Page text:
Parakeet omelet ~


Crown crane


Snow leopard


Dart poison frogs


Tomato frog


Waxy monkey frog

Every time I’ve driven past Salina, Kansas, on I-70, I’ve taken note of billboards for Rolling Hills Zoo. Today I finally checked it out. It was mid-afternoon and hot, so most of the animals were napping in their dens or in the grass—barely discernible lumps of fur. After walking for awhile I got too hot, so I boarded the zoo tram at the next tram stop. I was the only passenger the whole way, so at every stop I talked to the young driver. He might have been 18. He might have been 16. He said he’d volunteered at the zoo for the past three years and this was the first year he was allowed to drive the tram. At our first stop he got off and stood by the tram looking at the giraffes in their enclosure and said thoughtfully, “I think this is the best place in the world.”

It is a beautiful place: gently rolling hills (the name is true) with trees everywhere and enclosures that allow the animals privacy if they don’t want to see humans. I told the boy that I was especially interested to see the crown crane, my favorite of the crane species. He said that it used to live in the giraffe enclosure and that he enjoyed just watching the things it would do. “It has a definite personality,” he said. “I notice that more about birds than mammals, maybe because I keep birds.”

Specifically, he keeps parakeets. “In the beginning I was hoping to breed them,” he said, “but you can’t tell the sex of a parakeet until it’s about a year old and it turned out I had all females.” Since they were laying unfertilized eggs, he once gathered about a dozen and made an omelet. “It was pretty small,” he said. He made a shape with his hands about the size of a little saucer. “They tasted just the same as chicken eggs, but instead of yellow they were almost transparent on the inside.”

This was a first for me, to meet someone who’d eaten a parakeet omelet. That alone was worth the stop. I wish now that I’d asked his name. He said his favorite part of working at the zoo was educating people about conservation, and that he hoped to go into conservation as a career.

I left the tram at the Wildlife Museum that’s a part of the zoo. This place has spectacular dioramas, but I was most interested in a special exhibit of frogs and toads. A video was playing and I heard the words “Southern Illinois University researchers led by Karen Lips discovered that frogs in Central America were dying off from the chytrid fungus….” That’s not a verbatim quote, but it caught my attention. Years ago, as the editor of SIU’s research magazine, I had interviewed Karen and learned about the alarming disappearances of amphibian species around the world due to this fungus, coupled—scientists think—with environmental stressors that have made the species especially susceptible to it. Karen and her team had chanced to be in Costa Rica and Panama at the very time this die-off was happening, and documented the event.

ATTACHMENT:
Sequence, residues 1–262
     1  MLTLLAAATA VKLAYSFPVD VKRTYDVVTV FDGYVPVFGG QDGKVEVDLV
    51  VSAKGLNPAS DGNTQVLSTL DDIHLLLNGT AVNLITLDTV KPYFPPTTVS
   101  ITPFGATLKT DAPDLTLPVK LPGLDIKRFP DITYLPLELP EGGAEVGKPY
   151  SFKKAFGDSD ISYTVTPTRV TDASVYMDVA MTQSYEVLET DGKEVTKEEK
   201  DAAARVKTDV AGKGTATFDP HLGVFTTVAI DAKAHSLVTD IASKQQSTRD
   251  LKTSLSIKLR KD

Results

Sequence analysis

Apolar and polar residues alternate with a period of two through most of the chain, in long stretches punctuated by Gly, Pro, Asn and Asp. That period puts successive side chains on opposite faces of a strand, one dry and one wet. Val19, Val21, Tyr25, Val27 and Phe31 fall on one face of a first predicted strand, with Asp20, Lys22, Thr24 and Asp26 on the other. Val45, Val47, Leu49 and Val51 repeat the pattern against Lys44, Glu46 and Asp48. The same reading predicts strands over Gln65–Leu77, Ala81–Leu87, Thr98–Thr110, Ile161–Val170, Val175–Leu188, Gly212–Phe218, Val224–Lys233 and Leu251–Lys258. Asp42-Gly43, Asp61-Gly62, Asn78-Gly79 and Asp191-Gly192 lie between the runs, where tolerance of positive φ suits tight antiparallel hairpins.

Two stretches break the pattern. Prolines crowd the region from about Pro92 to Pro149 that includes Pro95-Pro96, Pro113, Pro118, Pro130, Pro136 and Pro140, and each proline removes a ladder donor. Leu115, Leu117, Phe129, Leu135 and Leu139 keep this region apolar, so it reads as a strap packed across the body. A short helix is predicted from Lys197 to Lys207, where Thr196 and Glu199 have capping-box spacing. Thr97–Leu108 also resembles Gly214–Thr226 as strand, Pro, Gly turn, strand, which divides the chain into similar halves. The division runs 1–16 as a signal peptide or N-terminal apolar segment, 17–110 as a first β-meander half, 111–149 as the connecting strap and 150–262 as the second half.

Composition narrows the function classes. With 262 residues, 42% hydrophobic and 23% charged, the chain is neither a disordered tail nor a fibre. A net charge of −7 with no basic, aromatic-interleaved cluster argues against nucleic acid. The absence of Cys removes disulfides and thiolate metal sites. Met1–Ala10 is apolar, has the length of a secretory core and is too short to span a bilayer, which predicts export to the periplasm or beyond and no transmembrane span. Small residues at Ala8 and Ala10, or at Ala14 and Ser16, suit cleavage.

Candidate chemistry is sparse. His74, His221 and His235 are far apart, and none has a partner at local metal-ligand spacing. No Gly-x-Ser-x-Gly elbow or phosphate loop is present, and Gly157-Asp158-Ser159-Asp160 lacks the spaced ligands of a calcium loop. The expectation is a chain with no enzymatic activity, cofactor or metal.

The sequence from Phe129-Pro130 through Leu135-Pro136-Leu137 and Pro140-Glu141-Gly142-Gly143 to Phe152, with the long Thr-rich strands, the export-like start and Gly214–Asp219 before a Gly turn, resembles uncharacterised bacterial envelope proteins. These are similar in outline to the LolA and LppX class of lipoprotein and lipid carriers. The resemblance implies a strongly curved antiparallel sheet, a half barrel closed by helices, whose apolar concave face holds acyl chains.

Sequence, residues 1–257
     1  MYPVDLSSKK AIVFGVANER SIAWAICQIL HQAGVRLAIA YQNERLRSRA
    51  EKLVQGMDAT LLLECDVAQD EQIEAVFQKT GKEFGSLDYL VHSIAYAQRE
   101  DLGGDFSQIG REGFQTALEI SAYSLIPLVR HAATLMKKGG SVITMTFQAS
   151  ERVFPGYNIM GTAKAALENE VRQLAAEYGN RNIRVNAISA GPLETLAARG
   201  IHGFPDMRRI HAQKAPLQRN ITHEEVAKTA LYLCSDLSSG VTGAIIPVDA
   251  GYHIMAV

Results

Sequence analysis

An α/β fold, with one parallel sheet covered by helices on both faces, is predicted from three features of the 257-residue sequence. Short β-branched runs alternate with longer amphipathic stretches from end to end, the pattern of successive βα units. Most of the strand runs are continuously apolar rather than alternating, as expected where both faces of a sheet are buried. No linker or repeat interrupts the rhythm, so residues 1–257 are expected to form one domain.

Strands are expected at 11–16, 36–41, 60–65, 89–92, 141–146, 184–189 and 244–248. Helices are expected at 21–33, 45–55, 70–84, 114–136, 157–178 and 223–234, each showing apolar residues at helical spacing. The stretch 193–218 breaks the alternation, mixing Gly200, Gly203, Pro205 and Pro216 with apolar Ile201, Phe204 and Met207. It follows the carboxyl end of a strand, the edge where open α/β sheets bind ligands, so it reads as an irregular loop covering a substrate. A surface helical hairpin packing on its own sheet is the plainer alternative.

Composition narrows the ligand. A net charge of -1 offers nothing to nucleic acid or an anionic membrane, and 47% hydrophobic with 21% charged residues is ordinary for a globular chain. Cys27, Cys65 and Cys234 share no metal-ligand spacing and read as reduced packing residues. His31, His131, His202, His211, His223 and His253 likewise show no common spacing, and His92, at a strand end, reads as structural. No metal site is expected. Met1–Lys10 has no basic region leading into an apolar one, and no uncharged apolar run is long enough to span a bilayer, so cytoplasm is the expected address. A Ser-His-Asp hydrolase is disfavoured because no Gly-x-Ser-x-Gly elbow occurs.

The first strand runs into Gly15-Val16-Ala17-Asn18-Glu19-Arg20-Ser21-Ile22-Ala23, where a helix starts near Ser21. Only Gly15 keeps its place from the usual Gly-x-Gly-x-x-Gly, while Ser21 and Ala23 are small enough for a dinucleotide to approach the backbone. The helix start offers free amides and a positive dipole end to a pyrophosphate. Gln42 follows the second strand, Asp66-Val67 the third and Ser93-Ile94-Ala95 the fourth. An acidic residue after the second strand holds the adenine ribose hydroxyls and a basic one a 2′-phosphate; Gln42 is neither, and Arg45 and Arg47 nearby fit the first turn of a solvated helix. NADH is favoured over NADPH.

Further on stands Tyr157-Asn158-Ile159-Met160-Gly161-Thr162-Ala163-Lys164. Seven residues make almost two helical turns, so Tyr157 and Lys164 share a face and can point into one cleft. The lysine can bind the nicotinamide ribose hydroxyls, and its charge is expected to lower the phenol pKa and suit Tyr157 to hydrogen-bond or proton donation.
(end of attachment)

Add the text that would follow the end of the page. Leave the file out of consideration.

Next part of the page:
The exhibit included a large lighted panel with photographs of frogs and a quote from a Paul Simon song that, coincidentally, I’d been singing along to in the car just the day before:

“There is a frog in South America
Whose venom is the cure
For all of the suffering
That mankind must endure.”

He was talking about the dart-poison frog, of course. The song, “Señorita With a Necklace of Tears,” is on the album “You’re the One.”

My favorite summer plants ~

This is the first year I’ve ever planted flowers in my planter or in pots on my deck. Some of them actually lived.


The lovely balloon flower (so named for the balloon-like buds; see lower left).



The indefatigable torenia, which keeps on forgiving me for not watering it frequently enough. All the other potted plants I had on my deck eventually gave up the ghost or were hopelessly battered by thunderstorms.



The volunteer calibrachoa, which surreptitiously migrated to my planter from the hanging basket I briefly had on my front porch two or three months ago.



Audrey the giant hosta. Small animals disappear in her clutches and are never seen again. I planted the other flowers here, but I inherited Audrey with the house.

Dr. Seuss meets Prufrock ~

Do I dare to eat a peach?
Why yes, I ate one on the beach!
(You know that beach, my little squirt:
The one where mermaids come to flirt.)

I liked that peach so much, I swear
I’d eat a peach most anywhere.
I’d eat one on a sawdust floor,
I’d eat one standing at your door.

I’d eat one in the golden glow
Of rooms where women come and go.
I’d eat one any chance I got,
I’d eat a peck—that’s quite a lot!

This Prufrock is a silly man
To wonder if he truly can.
He can, I know. I’m sure he could,
If he just told himself he would.

The best things come to those who dare—
Unless they choose to eat a pear.
For that, I make no guarantee.
A pear can’t match a peach, you see!